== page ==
The present study shows that the measures of abdominal obesity (WHtR and WC) are better than the general obesity indicators (BMI and BFP) in predicting arterial stiffness as evaluated by PWV and subclinical atherosclerosis evaluated by C-IMT, independently of the presence of diabetes or hypertension. Therefore, WC and WHtR are the most useful parameters for estimating arterial stiffness in clinical practice.
A number of studies have analyzed the association between C-IMT and abdominal and general obesity parameters. Yan et al.  reported a good correlation between BMI and WC, though the waist-to-hip ratio was the parameter that best predicted C-IMT. In the study of Maher et al. , after adjusting for age, gender and the presence of cardiovascular risk factors, WHtR and BMI were seen to maintain their relationship to C-IMT. In both studies, and coinciding with the results of earlier publications , the measures that adjust WC were seen to be the best predictors of C-IMT. We did not measure the waist-to-hip-ratio, though another parameter that adjusts WC according to height was used, i.e., WHtR. However, in contrast to other studies, our findings were confirmed in all three patient groups considered (healthy individuals, diabetics and hypertensive subjects).
Likewise, we found a positive correlation between the anthropometric measures and PWV. Our results are in line with the observations of Ko et al.  and Wildman et al. . Again, the behavior proved similar in all three groups studied.
Since the arterial stiffness is a surrogate marker between the appearance of risk factors and cardiovascular outcomes, our findings support the importance of anthropometric measures as a risk factors .
Maher et al. examined the relationship between the augmentation index and the anthropometric indices - only age being found to remain on performing the multivariate analysis. We did record a significant relationship, though of a negative sign. This may have been due to the fact that in our series the obese individuals (BMI > 30 kg/m2) presented a CAIx of 31.3 versus 28.0 in those with BMI < 30. In the case of BFP, the behavior was not uniform among the three groups. BFP was positively correlated to the CAIx in healthy individuals, and to the central and peripheral augmentation indices in healthy and hypertensive subjects - no such relationship being observed among diabetics.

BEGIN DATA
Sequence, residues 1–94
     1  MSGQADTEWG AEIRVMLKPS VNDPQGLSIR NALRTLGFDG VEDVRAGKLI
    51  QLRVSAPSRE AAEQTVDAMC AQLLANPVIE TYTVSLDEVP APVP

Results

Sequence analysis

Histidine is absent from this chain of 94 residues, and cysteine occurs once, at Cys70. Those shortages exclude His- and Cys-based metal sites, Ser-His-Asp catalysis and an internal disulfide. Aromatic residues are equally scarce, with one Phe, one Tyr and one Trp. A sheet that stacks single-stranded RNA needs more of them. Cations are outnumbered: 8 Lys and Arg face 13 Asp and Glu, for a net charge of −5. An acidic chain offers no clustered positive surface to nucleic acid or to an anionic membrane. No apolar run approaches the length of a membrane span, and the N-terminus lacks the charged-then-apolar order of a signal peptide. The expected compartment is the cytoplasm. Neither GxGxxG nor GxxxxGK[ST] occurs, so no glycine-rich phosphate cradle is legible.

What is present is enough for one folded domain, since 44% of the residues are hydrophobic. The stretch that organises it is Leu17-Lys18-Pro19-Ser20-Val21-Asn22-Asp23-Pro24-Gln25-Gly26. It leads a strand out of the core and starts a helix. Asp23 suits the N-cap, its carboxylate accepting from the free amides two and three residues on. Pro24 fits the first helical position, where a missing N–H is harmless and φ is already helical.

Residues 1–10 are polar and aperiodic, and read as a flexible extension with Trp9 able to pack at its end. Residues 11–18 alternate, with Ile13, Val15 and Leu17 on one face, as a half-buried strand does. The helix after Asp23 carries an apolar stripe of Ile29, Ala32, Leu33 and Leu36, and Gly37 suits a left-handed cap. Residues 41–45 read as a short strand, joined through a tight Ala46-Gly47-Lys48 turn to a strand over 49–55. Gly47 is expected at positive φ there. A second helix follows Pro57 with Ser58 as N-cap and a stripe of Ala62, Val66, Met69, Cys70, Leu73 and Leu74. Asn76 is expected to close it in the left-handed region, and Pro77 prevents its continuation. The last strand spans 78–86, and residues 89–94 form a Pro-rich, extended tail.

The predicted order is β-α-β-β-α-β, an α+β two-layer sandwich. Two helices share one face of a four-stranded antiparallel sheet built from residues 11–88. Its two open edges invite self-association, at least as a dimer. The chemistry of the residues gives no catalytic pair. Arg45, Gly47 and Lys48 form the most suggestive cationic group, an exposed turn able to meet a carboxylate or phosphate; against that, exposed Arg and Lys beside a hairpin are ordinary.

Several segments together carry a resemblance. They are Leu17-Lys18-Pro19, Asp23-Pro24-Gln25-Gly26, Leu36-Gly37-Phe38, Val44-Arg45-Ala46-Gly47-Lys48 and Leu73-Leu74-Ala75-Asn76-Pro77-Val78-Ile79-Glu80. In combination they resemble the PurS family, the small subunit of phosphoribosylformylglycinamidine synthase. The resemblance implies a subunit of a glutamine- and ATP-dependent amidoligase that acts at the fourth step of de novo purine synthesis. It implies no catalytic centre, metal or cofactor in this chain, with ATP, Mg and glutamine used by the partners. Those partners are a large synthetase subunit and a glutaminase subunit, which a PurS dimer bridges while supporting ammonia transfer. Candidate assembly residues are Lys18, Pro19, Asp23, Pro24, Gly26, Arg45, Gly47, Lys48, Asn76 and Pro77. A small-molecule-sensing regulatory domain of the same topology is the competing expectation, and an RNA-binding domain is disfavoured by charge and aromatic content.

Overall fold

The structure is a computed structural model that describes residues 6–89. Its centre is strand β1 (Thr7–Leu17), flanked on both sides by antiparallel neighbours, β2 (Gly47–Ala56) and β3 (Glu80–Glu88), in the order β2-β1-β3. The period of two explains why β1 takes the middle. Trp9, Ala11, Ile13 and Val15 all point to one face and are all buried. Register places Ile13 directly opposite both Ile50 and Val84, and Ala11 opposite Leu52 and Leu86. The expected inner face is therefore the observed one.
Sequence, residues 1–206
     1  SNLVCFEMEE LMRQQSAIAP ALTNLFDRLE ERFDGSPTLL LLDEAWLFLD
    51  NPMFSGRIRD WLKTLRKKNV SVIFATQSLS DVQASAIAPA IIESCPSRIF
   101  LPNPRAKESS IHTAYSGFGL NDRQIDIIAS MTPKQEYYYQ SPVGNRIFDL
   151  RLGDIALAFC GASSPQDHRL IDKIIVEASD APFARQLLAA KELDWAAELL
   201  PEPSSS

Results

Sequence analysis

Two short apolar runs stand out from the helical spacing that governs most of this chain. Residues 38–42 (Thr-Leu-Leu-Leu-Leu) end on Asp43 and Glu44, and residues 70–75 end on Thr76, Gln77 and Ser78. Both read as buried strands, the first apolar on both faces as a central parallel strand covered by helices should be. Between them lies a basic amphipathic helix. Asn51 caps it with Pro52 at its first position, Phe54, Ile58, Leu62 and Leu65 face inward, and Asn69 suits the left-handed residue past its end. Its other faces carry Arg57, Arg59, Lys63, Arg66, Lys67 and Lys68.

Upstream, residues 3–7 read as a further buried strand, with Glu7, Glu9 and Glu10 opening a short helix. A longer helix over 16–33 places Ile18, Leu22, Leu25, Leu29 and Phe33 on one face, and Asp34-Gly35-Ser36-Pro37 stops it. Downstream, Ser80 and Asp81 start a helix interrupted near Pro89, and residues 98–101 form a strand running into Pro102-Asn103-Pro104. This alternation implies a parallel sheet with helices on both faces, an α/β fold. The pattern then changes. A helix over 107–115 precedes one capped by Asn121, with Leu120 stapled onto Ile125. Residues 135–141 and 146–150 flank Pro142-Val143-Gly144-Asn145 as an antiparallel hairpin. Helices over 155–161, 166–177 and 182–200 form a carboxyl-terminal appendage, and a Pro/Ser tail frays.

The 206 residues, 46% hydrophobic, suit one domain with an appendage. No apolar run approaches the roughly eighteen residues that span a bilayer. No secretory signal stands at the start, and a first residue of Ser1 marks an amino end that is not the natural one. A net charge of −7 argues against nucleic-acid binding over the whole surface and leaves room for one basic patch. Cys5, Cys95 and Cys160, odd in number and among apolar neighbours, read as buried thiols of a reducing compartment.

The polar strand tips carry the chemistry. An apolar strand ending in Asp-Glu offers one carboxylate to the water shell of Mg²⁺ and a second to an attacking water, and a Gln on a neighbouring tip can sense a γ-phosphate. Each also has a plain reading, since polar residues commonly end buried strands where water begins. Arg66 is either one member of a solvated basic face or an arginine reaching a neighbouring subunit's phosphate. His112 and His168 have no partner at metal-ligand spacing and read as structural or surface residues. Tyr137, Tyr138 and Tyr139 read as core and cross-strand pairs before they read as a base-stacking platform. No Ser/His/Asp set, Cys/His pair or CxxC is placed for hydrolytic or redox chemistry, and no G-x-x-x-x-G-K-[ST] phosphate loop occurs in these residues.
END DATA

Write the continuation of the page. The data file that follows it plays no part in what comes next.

In contrast to Tison et al. , we observed no relationship between the different anthropometric indices and ABI, and no consistent relationship with the arterial pressure measures (central and peripheral). This fact was more relevant in the hypertensive group - antihypertensive treatment being the most likely explanation.
The main limitation of our study is its cross-sectional design, which precludes the definition of causality and analysis of the behavior over time of the different stiffness parameters in relation to the different anthropometric indices considered. On the other hand, with a study design of this kind it would also be necessary to increase the sample size, since a larger number of individuals in each group (healthy, diabetic and hypertensive) could help clarify which anthropometric parameters are best related to arterial stiffness in each of them.
Based on the results obtained in our study, it can be concluded that, independently of the presence of diabetes or hypertension, the measures of abdominal obesity (WHtR and WC) correlates better than BMI and BFP with arterial stiffness and subclinical atherosclerosis evaluated by PWV and C-IMT respectively. However, the association with wave reflection (evaluated by CAIx) was better with general adiposity measures.
Body mass index
Body fat percentage
Intima-media thickness of the common carotid artery
Pulse wave velocity
Central augmentation index
Ankle brachial index.
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The pre-publication history for this paper can be accessed here:http://www.biomedcentral.com/1471-2261/12/3/prepub
This project has been supported by Castilla y León Health Service (GRS 498/A/10), Carlos III Institute of Health of the Ministry of Health of Spain,(RETICS RD06/0018/0027) and Infosalud Fundation.
Vaso risk group
Luis García-Ortiz, Manuel A Gomez-Marcos, José I Recio-Rodríguez, Cristina Agudo-Conde, Maria C Patino-Alonso, Emiliano Rodriguez-Sanchez, Emilio Ramos-Delgado, Luis J González-Elena, Ángel García-García, Javier Parra-Sánchez, Carmela Rodríguez-Martín, Carmen Castaño-Sánchez, Ángela de Cabo-Laso, Benigna Sánchez-Salgado (1), Carlos Martínez-Salgado, Ana M. Blázquez-Medela (2).
1Unidad de Investigación de Atención Primaria La Alamedilla, Salamanca, Spain.
2Unidad de Fisiopatología Renal y Cardiovascular, Instituto Reina Sofía de Investigación Nefrológica, Universidad de Salamanca, Salamanca, Spain
The authors declare that they have no competing interests.
JIR: devised the study, designed the protocol, participated in fund raising, interpretation of results, prepared the manuscript draft and corrected the final version of the manuscript. MAG and ER participated in the study design, interpretation of results, and manuscript review. CA participated in the study design, data collection and manuscript review. MCP performed all analytical methods, interpretation of results, and manuscript review. LG participated in the protocol design, fund raising, analysis of results, and final review of the manuscript. Finally, all authors reviewed and approved the final version of the manuscript.